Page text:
The new permits require FutureGen to test and monitor the wells and submit reports to the Agency, and to secure financial assurance for $51.7 million (total for all four wells) to address the costs of future corrective action, injection well plugging, post-injection site care and site closure, and emergency and remedial response. Specifically, FutureGen must test and monitor the following: (1) CO2 stream; (2) pressure, flow, rate, volume, annulus pressure, annulus flue level and temperature; (3) corrosion; (4) external mechanical integrity testing (MIT); (5) pressure fall off; (6) groundwater quality; (7) plume and pressure front; (8) surface air and/or soil gas; (9) monitoring well MITs; and (10) financial responsibility updates. For most of these categories, FutureGen must report to the Agency on a semi-annual basis, although some categories require more frequent reporting.
These permits and the FutureGen project are important because they may influence future requirements to use CCS to mitigate greenhouse gas emissions from new and existing power plants, which some argue is not yet a commercially viable technology. A successful CCS project at the FutureGen power plant would demonstrate that CCS technology is feasible and support EPA’s proposed regulations imposing strict limits on how much CO2 new power plants can emit into the atmosphere. FutureGen faces many obstacles ahead, however, including securing private financing, a legal challenge by the Sierra Club, and a September 2015 deadline to use $1 billion in Recovery Act funding, which, if left unused, will expire. We will continue to follow this and other CCS projects and provide important updates as we learn them.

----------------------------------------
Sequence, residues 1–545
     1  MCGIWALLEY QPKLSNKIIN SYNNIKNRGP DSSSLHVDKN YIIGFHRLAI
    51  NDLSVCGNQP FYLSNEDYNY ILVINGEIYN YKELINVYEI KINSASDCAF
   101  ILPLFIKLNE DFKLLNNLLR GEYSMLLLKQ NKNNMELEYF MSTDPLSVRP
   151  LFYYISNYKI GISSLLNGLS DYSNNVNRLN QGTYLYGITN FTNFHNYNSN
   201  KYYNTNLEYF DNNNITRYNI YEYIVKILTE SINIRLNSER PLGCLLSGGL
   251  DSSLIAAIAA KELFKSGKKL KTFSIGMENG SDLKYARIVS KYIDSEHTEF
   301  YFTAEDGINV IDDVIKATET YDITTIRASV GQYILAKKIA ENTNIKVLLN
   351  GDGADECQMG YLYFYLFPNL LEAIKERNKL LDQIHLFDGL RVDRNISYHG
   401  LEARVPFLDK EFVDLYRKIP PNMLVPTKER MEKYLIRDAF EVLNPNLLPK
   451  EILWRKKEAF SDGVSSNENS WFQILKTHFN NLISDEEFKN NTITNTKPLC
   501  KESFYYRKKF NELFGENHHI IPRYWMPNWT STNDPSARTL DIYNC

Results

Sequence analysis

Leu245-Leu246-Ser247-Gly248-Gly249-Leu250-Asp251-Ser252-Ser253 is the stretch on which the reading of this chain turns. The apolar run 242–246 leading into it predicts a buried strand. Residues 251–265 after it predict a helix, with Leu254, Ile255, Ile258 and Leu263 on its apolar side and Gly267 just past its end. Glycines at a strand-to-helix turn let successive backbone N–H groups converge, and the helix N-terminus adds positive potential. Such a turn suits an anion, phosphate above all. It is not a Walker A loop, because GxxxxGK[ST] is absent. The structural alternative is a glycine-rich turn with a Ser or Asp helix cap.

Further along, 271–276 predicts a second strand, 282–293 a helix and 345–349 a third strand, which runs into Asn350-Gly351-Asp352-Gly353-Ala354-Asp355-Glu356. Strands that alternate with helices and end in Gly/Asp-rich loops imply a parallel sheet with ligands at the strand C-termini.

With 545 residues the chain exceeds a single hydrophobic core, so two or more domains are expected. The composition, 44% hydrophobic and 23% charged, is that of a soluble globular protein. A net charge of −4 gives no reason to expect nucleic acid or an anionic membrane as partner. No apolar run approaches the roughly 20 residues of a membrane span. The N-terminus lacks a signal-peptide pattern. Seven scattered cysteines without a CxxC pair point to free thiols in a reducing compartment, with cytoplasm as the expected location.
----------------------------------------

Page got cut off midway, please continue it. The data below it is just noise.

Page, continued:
Posted by Jennifer Cornejo
at 9/11/2014 2:15 PM
On June 18, 2014, the EPA published a proposal in the Federal Register to create greenhouse gas (GHG) emission standards for existing power plants under section 111(d) of the Clean Air Act (the existing source performance standards or ESPS). In setting the performance standards under the proposed rule, the EPA has for the first time required “beyond-the-fenceline” reductions, meaning that the GHG emission rate targets set in the rule cannot be met through installation of additional controls at affected power plants alone. This first-of-its-kind proposal will no doubt generate a significant volume of comments and subsequent litigation to determine whether the broad view of utility regulation EPA seems to adopt in its proposal reaches beyond the scope of the Agency’s legal authority under the Clean Air Act (CAA). This special issue of the Climate Change Report is devoted to EPA’s proposed ESPS and its potential consequences for the energy industry. To access a copy of the special issue, follow this link
Posted by Margaret E. Peloso
at 9/8/2014 12:23 PM